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Varieties of decentralisation in German collective bargaining – experiences from metal industry and retail trade. WP CSDLE “Massimo D’Antona”.INT – 137/2017

Schulten, Thorsten and Bispinck, Reinhard (2017) Varieties of decentralisation in German collective bargaining – experiences from metal industry and retail trade. WP CSDLE “Massimo D’Antona”.INT – 137/2017. [Working Paper]

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    Germany is well to the fore in terms of collective bargaining decentralisation in Europe (Keune 2011). In the international literature it is often regarded as a standard case of ‘organised’ or ‘controlled decentralisation’, within the framework of which the bargaining parties at sectoral level define the scope for derogations at company level via socalled opening clauses (Visser 2016; OECD 2017). In many European countries German experiences have served as an important reference point for reform of national collective bargaining systems. The international perception of the German variant of decentralisation, however, is often rather one-sided and does not reflect German collective bargaining in all its diversity. There are at least two fundamental problems. First, its development is very much viewed through the lenses of major manufacturing industries, such as chemicals or metalworking, which industrial relations regimes differ very much from those in other sectors, such as private services (Dribbusch et al. 2017). In addition to a general overview of German collective bargaining and its decentralising tendencies, in this chapter we provide two in-depth case studies – one on the metal industry and one on retail trade – which provides a comprehensive picture of the differentiated world of collective bargaining in Germany. Secondly, the concept of ‘organised decentralisation’ often takes too rosy a view and underestimates the level of conflict. As German experiences show clearly, collective bargaining decentralisation is not about a more or less ‘intelligent’ mode of regulation, but about different interests and power relations. It deals with the fundamental conflict between setting up a level playing-field for all companies and recognising the specific interests and circumstances of individual firms. The trend towards decentralisation has fundamentally changed the German collective bargaining system. Organised and non-organised forms of decentralisation exist side by side, together with an overall trend toward the erosion of collective bargaining in some parts of the economy. While decentralisation often goes together with a shift in power from labour to capital, it sometimes creates new opportunities for revitalising union power.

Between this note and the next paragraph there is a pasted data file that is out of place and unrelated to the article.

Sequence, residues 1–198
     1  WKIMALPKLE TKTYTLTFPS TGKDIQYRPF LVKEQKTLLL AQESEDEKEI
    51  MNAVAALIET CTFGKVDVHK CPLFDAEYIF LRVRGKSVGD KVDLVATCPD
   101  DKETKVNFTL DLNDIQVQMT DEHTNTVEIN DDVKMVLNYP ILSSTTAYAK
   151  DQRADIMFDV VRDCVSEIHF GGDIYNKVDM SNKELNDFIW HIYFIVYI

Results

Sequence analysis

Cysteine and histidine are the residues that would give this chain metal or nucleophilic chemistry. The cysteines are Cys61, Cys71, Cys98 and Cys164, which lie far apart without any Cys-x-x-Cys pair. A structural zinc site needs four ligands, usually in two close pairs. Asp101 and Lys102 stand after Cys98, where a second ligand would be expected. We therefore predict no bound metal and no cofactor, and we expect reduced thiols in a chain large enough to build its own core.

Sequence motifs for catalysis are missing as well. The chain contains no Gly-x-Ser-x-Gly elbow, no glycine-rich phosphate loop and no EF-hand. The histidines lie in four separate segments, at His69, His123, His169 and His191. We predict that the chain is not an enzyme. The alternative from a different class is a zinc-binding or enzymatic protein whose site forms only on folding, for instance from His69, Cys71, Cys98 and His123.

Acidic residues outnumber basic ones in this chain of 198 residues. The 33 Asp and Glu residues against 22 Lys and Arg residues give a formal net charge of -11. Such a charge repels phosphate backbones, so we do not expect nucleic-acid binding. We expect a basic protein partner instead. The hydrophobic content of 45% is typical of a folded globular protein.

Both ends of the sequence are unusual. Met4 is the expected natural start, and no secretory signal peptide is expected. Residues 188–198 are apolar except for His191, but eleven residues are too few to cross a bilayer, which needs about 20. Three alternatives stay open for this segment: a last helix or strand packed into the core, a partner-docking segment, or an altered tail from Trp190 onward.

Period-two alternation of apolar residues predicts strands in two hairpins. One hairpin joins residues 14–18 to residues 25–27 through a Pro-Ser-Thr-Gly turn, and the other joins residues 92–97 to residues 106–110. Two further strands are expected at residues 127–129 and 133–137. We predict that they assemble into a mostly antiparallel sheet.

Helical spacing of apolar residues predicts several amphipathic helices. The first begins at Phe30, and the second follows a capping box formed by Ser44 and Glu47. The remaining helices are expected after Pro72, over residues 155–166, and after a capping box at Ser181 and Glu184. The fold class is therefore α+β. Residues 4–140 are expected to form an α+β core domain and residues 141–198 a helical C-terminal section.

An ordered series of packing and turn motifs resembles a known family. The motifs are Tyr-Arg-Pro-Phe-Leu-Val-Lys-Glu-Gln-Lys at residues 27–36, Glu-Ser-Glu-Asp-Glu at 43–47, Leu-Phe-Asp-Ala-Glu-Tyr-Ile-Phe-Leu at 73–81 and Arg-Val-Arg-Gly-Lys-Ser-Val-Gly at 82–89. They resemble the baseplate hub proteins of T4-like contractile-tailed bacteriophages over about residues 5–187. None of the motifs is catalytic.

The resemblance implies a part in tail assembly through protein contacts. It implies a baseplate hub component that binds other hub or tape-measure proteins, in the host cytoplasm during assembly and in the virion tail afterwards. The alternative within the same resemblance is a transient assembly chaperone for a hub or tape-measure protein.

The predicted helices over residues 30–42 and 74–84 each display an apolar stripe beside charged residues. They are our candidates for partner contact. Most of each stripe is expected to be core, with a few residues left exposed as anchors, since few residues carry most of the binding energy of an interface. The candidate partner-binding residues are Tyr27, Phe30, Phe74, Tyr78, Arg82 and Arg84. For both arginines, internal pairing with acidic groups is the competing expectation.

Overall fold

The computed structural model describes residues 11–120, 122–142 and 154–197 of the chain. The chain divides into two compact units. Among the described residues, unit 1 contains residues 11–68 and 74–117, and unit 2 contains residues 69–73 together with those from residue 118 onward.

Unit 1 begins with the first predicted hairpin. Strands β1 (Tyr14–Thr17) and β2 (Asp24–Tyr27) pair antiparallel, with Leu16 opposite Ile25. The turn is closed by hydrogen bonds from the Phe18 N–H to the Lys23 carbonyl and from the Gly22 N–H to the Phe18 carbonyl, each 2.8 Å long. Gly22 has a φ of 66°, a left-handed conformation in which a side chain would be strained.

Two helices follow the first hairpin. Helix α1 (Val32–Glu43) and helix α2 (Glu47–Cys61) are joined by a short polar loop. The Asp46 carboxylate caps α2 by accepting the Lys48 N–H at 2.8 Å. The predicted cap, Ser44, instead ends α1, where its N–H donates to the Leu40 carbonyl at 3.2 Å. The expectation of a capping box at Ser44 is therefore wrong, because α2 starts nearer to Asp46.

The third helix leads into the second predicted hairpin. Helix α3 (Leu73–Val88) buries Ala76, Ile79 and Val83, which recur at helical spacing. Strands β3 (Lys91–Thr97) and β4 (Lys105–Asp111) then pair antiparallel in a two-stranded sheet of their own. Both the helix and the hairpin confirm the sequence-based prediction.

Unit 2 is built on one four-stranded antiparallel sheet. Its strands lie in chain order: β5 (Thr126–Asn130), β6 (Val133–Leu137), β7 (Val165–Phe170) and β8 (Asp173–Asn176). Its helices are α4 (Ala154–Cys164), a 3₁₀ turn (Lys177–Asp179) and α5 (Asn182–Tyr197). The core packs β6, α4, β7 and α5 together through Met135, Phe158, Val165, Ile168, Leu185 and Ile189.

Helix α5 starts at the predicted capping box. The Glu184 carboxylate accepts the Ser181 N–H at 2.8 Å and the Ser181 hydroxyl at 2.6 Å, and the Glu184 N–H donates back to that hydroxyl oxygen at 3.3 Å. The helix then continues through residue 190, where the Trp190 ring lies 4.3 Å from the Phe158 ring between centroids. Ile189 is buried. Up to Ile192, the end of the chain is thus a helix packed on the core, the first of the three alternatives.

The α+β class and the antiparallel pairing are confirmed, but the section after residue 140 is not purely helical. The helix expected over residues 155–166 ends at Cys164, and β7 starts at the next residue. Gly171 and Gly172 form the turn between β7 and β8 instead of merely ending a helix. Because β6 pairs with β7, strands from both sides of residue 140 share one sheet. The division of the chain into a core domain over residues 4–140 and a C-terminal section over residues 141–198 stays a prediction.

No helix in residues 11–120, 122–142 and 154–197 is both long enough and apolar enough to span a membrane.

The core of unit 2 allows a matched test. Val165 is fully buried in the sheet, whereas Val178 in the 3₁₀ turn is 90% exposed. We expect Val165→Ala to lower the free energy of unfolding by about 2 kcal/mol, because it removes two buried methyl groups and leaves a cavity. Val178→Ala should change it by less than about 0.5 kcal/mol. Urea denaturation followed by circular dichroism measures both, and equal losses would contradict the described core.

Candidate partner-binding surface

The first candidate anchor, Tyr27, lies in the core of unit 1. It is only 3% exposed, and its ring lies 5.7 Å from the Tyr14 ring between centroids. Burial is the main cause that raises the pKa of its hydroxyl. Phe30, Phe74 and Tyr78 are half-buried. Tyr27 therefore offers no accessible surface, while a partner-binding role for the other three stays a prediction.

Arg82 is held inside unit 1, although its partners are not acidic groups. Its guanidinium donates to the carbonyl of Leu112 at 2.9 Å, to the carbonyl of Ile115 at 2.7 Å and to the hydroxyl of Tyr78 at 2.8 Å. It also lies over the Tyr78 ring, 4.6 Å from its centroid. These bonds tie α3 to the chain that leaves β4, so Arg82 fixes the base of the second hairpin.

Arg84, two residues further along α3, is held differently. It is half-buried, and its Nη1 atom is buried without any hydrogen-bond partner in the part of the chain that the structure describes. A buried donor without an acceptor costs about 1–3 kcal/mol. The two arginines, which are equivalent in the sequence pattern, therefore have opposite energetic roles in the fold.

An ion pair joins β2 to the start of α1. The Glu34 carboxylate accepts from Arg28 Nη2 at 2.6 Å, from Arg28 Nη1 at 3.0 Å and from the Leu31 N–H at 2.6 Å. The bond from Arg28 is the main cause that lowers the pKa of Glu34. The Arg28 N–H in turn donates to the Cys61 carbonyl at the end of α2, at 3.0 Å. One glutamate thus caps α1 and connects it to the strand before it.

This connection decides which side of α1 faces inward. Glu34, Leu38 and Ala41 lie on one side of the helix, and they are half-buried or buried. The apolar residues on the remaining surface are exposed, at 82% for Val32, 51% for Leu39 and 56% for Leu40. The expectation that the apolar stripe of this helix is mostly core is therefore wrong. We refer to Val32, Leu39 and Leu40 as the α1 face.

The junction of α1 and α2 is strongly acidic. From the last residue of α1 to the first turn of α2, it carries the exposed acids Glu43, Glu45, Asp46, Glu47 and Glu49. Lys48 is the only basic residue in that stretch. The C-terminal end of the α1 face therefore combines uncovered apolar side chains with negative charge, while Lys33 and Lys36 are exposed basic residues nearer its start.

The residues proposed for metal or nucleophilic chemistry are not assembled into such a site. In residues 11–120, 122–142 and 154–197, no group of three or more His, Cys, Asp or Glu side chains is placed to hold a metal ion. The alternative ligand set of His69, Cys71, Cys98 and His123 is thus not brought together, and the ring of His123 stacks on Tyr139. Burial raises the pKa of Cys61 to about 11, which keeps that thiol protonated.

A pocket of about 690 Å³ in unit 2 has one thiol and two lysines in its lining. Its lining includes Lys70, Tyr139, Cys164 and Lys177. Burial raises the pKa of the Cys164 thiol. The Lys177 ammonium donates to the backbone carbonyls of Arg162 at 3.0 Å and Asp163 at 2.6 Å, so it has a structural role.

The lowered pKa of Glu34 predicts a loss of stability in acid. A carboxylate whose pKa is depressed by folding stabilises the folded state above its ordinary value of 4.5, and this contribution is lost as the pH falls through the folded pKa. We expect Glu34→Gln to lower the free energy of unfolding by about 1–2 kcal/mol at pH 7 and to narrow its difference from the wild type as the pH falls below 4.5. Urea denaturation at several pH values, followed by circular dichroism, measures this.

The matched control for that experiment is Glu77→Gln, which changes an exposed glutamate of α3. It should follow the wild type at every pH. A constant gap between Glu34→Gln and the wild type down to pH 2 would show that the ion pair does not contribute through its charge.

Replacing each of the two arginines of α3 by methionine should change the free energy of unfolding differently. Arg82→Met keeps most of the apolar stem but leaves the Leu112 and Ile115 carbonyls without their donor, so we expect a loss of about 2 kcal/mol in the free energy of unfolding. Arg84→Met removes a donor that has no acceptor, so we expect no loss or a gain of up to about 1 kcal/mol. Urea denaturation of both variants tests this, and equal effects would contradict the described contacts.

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    Item Type: Working Paper
    Subjects for non-EU documents: EU policies and themes > Policies & related activities > industrial policy
    Countries > Germany
    Subjects for EU documents: UNSPECIFIED
    EU Series and Periodicals: UNSPECIFIED
    EU Annual Reports: UNSPECIFIED
    Series: Series > University of Catania > Department of Law, C.S.D.L.E. "Massimo D'Antona" Working Papers .INT
    Depositing User: Phil Wilkin
    Official EU Document: No
    Language: English
    Date Deposited: 15 Nov 2019 15:45
    Number of Pages: 57
    Last Modified: 15 Nov 2019 15:45

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